The Senators’ 1-3-1 system didn’t come as a surprise to the Penguins. And, while Ottawa executed it nearly to perfection in Game 1 of their Eastern Conference Final series, Pittsburgh still managed to get their chances. They just didn’t get nearly enough of the high-quality variety.
Ottawa limited the Penguins’ offense and capitalized on their mistakes to win the opener, 2-1, and send Pittsburgh home thinking about better execution in Monday’s Game 2.
“From our estimation, we had a lot of clean [zone] entries. When we didn’t, we put pucks to areas. I don’t think that was the issue tonight,” said Penguins head coach Mike Sullivan.
“I thought we got through the way we wanted to; we had a lot of offensive zone time. [But] I don’t think we got enough pucks to the net. We’re looking for that next play instead of putting pucks at the net.”
Trying to be fancy cost the Penguins in Game 1. They got four power-play opportunities in the first period alone and, by the end of the contest, had gone 0-for-5 on 8:39 with the man-advantage.
“We always play three triangle at top; they know, and they play close to us,” center Evgeni Malkin said. ”We need to play a little lower and maybe sometimes move behind net. Something new.”
“We have an opportunity there to grab a lead, and I just think we didn’t execute,” Sullivan said. “The movement wasn’t there. The passes weren’t crisp.”
A lot about the Penguins’ Game 1 performance wasn’t crisp, like the puck defenseman Brian Dumoulin left gift-wrapped behind the net at 14:32 of the first. The Senators are very good at pouncing on mistakes, and forward Bobby Ryan grabbed it and made a pretty, no-look pass in front of the net. Teammate Jean-Gabriel Pageau was there to put it home, giving Ottawa a 1-0 lead and laying claim to the second-most goals (8) by a Senator in a single playoff year.
It took the Penguins until 5:35 remaining in regulation to figure out that the way they’ll have to score against Ottawa is by driving the net. Defenseman Ron Hainsey started the play by dumping the puck in, chasing after it and drawing a defenseman from the slot. Chris Kunitz came to collect it and throw a shot on net, and Evgeni Malkin was there to tip it past Senators goalie Craig Anderson to tie the game. Malkin achieved a milestone of his own, surpassing Jaromir Jagr for third-place on the Penguins’ all-time playoff point list with 148.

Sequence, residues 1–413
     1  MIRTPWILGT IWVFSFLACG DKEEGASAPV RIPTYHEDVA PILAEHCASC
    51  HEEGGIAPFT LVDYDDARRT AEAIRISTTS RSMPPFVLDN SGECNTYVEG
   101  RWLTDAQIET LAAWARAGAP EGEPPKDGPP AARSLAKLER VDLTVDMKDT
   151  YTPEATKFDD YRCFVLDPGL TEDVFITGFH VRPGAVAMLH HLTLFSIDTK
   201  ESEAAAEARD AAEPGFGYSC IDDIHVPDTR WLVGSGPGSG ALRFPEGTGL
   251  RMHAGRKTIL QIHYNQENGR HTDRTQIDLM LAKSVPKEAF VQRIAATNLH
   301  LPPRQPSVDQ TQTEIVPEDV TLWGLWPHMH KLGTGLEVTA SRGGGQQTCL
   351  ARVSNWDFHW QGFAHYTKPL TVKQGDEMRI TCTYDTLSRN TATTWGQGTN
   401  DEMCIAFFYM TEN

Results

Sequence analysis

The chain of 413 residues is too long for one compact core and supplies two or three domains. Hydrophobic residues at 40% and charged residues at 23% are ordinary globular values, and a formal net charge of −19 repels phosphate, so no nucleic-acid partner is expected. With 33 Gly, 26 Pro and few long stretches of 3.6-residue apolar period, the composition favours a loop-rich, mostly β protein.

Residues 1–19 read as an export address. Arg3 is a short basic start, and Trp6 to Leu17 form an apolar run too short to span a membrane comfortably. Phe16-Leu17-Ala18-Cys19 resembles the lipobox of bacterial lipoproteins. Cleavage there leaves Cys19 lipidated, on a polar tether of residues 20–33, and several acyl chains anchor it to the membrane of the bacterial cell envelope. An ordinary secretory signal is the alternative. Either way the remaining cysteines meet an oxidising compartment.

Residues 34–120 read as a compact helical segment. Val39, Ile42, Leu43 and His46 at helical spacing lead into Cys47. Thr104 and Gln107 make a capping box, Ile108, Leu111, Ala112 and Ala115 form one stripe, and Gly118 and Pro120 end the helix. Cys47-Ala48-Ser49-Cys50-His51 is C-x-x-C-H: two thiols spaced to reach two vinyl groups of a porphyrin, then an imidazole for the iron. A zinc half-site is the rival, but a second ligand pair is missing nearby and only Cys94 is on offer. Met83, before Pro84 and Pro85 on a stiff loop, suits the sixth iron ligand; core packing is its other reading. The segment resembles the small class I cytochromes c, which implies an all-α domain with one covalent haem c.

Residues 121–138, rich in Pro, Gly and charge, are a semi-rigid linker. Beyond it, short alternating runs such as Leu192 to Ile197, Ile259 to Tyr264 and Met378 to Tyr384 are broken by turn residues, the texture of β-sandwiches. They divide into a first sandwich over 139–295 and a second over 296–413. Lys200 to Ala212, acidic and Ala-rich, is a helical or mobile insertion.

“They play 1-3-1; it’s new for us,” Malkin said. “We understand they play so tight in neutral zone. Third period we played so much better; we understand how they play.”
“I think the fact that their top players can come out of nowhere and create something, that’s the biggest worry you’re going to have against that team,” said Senators coach Guy Boucher. “We’re aware of it, but it’s hard to be perfect. Those guys are really, really good. That’s the Stanley Cup champions, and it’s a top group.”
But the Senators are a highly confident group when a game heads to overtime, where they’d gone 5-1 in the playoffs this year so far. And all it took was another mistake from the Penguins for the Senators to seize the opportunity. Ryan got a step on Pittsburgh’s defense and skated in alone to backhand the puck past Pittsburgh netminder Marc-Andre Fleury.
“Tough goal,” Malkin said. “We lose one guy and they score. They wait for one chance and then they score.”
It could have been different, if the Penguins had scored one or two more of their own. That’s what they’ll have to focus on between Games 1 and 2 – turning that offensive zone time into good opportunities.
“We felt we had some significant zone time,” Sullivan said. “But I don’t think the amount of shots that we put on the net (28, to Ottawa’s 35) – we’ve got to make it harder on our opponent by getting more pucks to the scoring area. It’s the hardest area in the rink to defend.
“I thought we had opportunities to get there, and we were looking for that next play. Sometimes that next play never materializes.”
“It’s a lot different,” defenseman Justin Schultz said of Ottawa’s style of play, “but we knew it was coming. I think it just comes down to being patient and not getting frustrated.”